You might think that the way to solve the captive-panda breeding problem would be to turn the whole thing over to pairs like Gao Gao and Bai Yun, but superfertile animals create problems of their own. Bai Yun is a daughter of Pan Pan, a wild-caught panda, who now lives in a facility in Zunyi. He was such a capable breeder that the Chinese relied on him heavily during the years when their sole goal was to increase their panda supply, and in his youth he fathered more than thirty cubs. According to Jonathan Ballou, a geneticist at the Smithsonian Conservation Biology Institute, the Chinese bred Pan Pan so often that around sixteen per cent of the genes in the captive population were his. “So our first job was to persuade them to start using other males,” he said. “It took them a few years, but Pan Pan is no longer a breeder.” (Overrepresentation in their gene pools was the reason that vasectomies had been scheduled for that oryx and that macaque.)Giant pandas, like many other endangered animals with captive populations, have a species manager and an official studbook, which is updated regularly. (A growing number of technically wild populations, like rhinoceroses, have managers and studbooks, too, because their numbers are so small and their territory is so confined that all surviving members can be individually identified.) Ballou showed me a recent panda studbook, a telephone-directory-size paperbound volume. “In studbooks, we keep track of the mom and the dad, the date of birth, the date of death, and where the animals have moved around,” he said, as he thumbed through the pages. “And all that allows us to analyze the pedigree and make breeding recommendations.” In the late nineties, Ballou devised a simple measure of genetic rarity, called “mean kinship,” for determining which animals in any captive population should be favored for breeding; it’s based on the number of shared ancestors and the closeness of those relationships, and it’s relatively easy to calculate. Each year, the species manager sets mating goals and ranks the desirability of particular pairings, based largely on Ballou’s metric. There are many constraints, including geographical ones, but following the guidelines reduces the gradual loss of diversity over generations—an inevitable occurrence in small populations.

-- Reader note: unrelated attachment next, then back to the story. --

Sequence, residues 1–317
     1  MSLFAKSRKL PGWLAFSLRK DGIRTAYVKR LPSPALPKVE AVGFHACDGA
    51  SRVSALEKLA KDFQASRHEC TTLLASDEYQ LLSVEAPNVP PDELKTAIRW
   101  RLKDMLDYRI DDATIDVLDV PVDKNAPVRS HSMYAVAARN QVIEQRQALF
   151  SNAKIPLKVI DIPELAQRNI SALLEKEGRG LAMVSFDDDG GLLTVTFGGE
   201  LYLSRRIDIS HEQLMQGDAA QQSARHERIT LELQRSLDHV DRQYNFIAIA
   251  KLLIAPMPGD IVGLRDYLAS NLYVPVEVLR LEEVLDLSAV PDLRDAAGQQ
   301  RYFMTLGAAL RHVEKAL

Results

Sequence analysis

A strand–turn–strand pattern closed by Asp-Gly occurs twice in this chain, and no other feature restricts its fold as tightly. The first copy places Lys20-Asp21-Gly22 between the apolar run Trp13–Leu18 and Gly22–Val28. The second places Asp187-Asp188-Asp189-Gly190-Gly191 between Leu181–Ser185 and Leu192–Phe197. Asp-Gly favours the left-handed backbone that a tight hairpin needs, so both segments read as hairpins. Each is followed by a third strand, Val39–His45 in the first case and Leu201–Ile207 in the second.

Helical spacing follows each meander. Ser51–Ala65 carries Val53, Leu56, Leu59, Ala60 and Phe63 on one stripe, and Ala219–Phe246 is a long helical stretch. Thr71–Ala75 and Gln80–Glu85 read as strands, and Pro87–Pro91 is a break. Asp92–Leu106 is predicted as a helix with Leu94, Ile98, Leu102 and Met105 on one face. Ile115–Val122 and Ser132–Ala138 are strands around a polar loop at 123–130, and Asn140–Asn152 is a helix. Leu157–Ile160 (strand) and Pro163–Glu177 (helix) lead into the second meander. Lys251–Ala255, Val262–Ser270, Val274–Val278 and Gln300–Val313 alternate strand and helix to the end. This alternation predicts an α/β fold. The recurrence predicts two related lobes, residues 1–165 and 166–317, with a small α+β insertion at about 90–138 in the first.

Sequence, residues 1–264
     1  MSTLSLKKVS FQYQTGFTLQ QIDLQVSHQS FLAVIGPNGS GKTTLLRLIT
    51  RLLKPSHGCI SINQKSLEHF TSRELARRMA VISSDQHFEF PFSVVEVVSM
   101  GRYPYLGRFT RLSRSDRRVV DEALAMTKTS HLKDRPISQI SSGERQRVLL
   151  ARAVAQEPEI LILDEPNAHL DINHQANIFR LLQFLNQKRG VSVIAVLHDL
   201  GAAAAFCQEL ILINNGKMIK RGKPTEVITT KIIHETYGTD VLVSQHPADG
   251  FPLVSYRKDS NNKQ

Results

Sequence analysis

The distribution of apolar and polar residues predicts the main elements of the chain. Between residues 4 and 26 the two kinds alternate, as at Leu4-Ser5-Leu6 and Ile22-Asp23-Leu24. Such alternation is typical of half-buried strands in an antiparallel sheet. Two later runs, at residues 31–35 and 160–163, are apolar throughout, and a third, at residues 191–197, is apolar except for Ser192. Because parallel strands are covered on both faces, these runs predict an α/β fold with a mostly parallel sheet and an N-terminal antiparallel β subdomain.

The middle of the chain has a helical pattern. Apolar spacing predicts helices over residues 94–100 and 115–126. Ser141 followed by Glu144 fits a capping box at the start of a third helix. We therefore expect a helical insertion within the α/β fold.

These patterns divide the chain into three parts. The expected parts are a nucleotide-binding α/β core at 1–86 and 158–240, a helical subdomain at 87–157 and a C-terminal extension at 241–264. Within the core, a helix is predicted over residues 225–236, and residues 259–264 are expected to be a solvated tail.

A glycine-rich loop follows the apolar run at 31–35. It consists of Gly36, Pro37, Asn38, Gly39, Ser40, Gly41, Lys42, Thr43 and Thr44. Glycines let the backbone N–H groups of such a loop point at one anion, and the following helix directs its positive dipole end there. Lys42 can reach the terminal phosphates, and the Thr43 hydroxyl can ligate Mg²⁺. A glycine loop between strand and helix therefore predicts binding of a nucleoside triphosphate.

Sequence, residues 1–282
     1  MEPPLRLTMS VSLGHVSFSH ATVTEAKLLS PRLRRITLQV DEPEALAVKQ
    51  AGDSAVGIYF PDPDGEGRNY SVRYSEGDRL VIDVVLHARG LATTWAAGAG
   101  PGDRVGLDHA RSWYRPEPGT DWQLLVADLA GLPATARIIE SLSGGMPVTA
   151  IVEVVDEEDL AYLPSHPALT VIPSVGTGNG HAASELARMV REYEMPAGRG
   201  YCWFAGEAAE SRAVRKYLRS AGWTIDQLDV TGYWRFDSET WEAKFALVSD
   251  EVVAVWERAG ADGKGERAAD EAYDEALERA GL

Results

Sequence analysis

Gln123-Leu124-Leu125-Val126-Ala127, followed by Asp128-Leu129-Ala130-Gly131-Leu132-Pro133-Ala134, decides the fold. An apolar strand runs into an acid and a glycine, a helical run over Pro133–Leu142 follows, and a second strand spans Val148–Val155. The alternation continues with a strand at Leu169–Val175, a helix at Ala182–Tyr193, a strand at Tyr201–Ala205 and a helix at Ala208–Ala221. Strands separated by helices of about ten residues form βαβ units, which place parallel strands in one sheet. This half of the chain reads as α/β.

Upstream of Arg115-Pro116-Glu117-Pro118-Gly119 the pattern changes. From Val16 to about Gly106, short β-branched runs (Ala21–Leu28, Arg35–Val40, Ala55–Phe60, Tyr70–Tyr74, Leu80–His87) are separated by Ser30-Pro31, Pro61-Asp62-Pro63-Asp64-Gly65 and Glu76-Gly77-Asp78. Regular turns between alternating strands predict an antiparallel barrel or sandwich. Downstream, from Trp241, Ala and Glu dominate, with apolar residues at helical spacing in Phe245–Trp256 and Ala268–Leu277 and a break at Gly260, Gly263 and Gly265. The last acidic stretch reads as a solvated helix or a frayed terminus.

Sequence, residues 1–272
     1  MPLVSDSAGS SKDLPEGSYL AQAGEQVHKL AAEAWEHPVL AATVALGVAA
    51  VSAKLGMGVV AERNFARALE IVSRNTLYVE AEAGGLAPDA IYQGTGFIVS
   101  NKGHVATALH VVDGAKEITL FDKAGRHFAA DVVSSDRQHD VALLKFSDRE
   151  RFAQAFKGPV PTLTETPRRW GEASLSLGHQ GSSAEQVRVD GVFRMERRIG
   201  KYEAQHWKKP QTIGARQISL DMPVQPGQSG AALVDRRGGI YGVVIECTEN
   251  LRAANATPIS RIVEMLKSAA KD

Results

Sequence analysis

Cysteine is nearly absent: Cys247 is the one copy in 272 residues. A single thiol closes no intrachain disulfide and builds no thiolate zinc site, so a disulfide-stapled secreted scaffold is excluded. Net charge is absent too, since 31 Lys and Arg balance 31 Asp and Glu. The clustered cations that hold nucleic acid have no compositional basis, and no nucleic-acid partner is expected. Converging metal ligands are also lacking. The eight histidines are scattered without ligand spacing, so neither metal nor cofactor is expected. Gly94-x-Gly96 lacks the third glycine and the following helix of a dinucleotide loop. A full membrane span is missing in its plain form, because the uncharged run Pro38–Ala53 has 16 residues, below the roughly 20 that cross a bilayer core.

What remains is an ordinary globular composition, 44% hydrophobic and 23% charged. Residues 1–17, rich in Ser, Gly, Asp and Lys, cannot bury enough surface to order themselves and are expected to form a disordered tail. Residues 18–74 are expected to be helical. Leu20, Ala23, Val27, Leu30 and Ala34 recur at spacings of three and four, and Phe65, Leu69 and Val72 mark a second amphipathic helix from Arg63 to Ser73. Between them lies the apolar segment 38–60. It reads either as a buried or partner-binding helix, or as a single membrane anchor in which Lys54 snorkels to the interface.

I asked Ballou whether an effort was made to pick mates with especially desirable characteristics. “We try to avoid that,” he said. “One trait you might think to select for would be fecundity. But it’s probably not true that pandas that are good breeders in captivity would also be good in the wild, and we don’t want these guys to become domesticated, or adapt to the captive environment.” In addition, a trait that seemed valuable to scientists today might look different fifty years from now. “Basically, we’re trying to freeze evolution in the captive population,” he said. “Eventually, when pandas are available for reintroduction, their genes will resemble the genes of the founding population as closely as possible.”
Pandas born in zoos or breeding centers can’t simply be released, even in a reserve, because in captivity they learn to be unafraid of their principal predators: us. Wild pandas avoid human contact to such an extent that a researcher could spend years studying them without ever seeing one in its natural habitat, but once they get used to people they become vulnerable to hunters, poachers, and civilization in general. The Chinese made a few early attempts at releasing pandas born in breeding centers, but those animals either died quickly or returned. In recent years, a researcher at Wolong has tried a more daring approach, by raising pandas that have never seen humans. To accomplish that, handlers never enter a cub’s field of vision unless they are wearing a full panda suit, which makes them look like the mascot of a Chinese athletic team. (If a newborn needs to be weighed, a keeper will put on a panda suit before placing it on a portable scale.) When the cub is older, it’s released in stages, through a succession of increasingly spacious enclosures, the last of which it enters by way of an opening too small for its mother. Gradually, the cub becomes accustomed to independence, and eventually it moves off to establish its own territory, as wild-born pandas do.